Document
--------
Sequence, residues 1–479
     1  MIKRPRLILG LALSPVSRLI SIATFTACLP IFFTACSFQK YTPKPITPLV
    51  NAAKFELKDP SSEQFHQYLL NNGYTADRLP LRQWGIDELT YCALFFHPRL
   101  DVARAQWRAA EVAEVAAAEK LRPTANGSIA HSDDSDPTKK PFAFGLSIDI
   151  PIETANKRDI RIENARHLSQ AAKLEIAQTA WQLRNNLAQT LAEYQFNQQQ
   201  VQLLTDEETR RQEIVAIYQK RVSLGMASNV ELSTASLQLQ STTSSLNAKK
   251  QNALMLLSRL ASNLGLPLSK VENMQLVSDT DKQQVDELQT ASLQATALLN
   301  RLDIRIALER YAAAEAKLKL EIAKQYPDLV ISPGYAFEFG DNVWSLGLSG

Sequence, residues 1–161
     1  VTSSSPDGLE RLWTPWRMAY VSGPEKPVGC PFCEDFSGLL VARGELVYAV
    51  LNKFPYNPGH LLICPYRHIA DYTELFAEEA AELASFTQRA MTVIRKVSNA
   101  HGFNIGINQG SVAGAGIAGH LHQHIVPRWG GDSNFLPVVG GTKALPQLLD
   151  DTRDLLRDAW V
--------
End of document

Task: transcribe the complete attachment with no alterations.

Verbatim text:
Sequence, residues 1–479
     1  MIKRPRLILG LALSPVSRLI SIATFTACLP IFFTACSFQK YTPKPITPLV
    51  NAAKFELKDP SSEQFHQYLL NNGYTADRLP LRQWGIDELT YCALFFHPRL
   101  DVARAQWRAA EVAEVAAAEK LRPTANGSIA HSDDSDPTKK PFAFGLSIDI
   151  PIETANKRDI RIENARHLSQ AAKLEIAQTA WQLRNNLAQT LAEYQFNQQQ
   201  VQLLTDEETR RQEIVAIYQK RVSLGMASNV ELSTASLQLQ STTSSLNAKK
   251  QNALMLLSRL ASNLGLPLSK VENMQLVSDT DKQQVDELQT ASLQATALLN
   301  RLDIRIALER YAAAEAKLKL EIAKQYPDLV ISPGYAFEFG DNVWSLGLSG

Sequence, residues 1–161
     1  VTSSSPDGLE RLWTPWRMAY VSGPEKPVGC PFCEDFSGLL VARGELVYAV
    51  LNKFPYNPGH LLICPYRHIA DYTELFAEEA AELASFTQRA MTVIRKVSNA
   101  HGFNIGINQG SVAGAGIAGH LHQHIVPRWG GDSNFLPVVG GTKALPQLLD
   151  DTRDLLRDAW V